A lot of brainpower is being directed toward making sure that when Catholics hear the expression “Catholic Social Teaching” (CST) they hear “economic liberalism.” Sure, a humane face is put on the project, with calls on the periphery for “ethical entrepreneurship” and a business culture where “the person” is taken into account; but by day’s end the principle that government should stay out of the market is upheld. Gerald J. Russello surveys, and apparently approves of, this re-orientation of CST in his recent Crisis article, “The Latest Debate Over Catholic Social Thought.” And who does Russello hold up as “rich interpreters” of the Catholic social tradition? John Zmirak and Anthony Esolen.
Zmirak, as most know by now, is a committed libertarian with little-to-no regard for any “brand” of Catholicism which does not genuflect before the altar of Americanism. Esolen, on the other hand, is a well respected translator and author who recently penned an interesting, though problematic and incomplete, book on CST. (For an overview of some of the problems with Esolen’s book, see Elias Crim’s piece, “How Not to Reclaim Catholic Social Teaching.”) Neither, however, are considered authoritative expositors of the Church’s social magisterium by the wider body of Catholic thinkers who routinely write on the topic. But Russello, for his own reasons, doesn’t want to give those writers much, if any, credence. Relying on Zmirak, Russello quickly dismisses “Catholics who confuse socialism with Christianity” (which is fine) and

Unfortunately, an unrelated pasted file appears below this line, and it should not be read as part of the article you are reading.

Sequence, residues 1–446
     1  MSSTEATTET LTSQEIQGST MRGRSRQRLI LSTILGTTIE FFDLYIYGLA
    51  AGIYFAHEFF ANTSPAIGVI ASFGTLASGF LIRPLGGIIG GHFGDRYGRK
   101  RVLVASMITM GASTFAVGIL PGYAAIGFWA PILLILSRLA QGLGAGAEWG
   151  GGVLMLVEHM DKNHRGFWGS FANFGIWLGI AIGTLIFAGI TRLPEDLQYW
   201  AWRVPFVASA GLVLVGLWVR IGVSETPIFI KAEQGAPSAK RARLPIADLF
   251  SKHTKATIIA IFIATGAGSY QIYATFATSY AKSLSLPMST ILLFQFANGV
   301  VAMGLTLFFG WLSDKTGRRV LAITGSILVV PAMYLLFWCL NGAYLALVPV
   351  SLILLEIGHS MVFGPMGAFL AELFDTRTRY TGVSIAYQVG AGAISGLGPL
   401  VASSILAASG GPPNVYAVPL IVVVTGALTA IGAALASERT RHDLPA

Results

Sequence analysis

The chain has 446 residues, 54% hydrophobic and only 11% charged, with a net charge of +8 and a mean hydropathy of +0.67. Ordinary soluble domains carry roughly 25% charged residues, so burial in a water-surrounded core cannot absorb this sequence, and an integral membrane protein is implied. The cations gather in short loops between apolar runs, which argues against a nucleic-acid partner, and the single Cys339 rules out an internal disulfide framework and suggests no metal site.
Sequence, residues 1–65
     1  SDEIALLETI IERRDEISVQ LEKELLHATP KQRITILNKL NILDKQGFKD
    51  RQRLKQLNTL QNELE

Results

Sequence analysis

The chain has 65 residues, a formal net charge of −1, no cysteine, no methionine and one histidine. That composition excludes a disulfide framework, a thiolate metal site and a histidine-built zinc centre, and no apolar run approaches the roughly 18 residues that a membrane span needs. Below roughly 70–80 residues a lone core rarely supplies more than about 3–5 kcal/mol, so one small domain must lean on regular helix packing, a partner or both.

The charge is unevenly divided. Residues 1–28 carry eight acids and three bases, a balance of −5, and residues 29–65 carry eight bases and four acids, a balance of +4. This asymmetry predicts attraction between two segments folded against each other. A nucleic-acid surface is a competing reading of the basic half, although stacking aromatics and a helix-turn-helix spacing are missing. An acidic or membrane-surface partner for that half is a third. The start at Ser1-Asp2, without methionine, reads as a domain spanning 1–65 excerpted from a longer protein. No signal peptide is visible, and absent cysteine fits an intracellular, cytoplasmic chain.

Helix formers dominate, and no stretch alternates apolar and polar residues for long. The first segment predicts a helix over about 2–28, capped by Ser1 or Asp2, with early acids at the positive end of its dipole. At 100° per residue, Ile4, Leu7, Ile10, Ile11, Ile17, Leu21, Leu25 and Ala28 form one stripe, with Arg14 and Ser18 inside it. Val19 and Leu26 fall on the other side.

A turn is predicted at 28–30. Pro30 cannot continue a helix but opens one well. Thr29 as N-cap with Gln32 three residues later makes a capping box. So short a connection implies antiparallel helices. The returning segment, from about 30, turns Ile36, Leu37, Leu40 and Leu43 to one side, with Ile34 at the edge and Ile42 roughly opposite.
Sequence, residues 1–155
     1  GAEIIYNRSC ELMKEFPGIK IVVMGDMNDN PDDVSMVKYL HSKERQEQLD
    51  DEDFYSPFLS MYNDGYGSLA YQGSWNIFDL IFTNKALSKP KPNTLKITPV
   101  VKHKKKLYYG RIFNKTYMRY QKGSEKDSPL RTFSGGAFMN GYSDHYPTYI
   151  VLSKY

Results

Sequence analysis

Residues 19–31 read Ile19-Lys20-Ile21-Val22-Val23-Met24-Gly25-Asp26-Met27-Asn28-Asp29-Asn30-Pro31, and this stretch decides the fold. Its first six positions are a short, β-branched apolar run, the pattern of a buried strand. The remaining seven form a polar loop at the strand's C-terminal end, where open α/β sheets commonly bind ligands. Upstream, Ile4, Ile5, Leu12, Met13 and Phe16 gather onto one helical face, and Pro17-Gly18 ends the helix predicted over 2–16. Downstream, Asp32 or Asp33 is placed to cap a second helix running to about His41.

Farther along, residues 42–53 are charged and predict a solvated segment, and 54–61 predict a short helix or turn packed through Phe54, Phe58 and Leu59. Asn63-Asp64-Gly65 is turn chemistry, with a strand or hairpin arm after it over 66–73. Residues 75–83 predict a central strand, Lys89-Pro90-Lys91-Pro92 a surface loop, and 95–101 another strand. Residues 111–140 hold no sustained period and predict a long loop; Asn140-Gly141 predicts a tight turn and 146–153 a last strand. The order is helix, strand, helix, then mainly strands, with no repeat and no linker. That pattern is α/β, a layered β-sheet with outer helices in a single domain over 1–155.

reactionary Catholics of the last century or so who have advocated an amalgam of “third way” alternatives, which tends to elevate the noble and peasant over the shopkeeper and entrepreneur, even though—when faced with the alternatives—people prefer bourgeois civilization, which has created unsurpassed material advantages.
Is that so? Although I can think of a few Catholic writers who held onto something remotely similar to what Russello is describing, most of them have parted company with this world, and none had ill words for shopkeepers and entrepreneurs (so long as they were upright and honest). It’s a pity Russello doesn’t name names. It’s also a pity that Russello dismisses some of Esolen’s better points by making them out to be something other than what they actually are. For instance, on the question of building a just economic order on Catholic social principles, Russello — again leaning on Zmirak — finds that it “smacks of a weird sort of absolutism,” which is entirely untrue. The fact that so much Catholic thinking on these questions has remained focused on principles rather than a one-size-fits-all application is a testament to the consistent, though not always explicit, belief that these principles must be enacted with prudence. Even comprehensive treatments of CST, such as Fr. Edward Cahill’s classic The Framework of a Christian State, are, at most, suggestive of what a right social order might look like; they do not dwell in the particulars because the particulars will, almost invariably, shift from nation to nation, culture to culture, and even from decade to decade. Belittling CST and its defenders for senseless, even hopeless, rigidity is, to say the least, out of alignment with reality.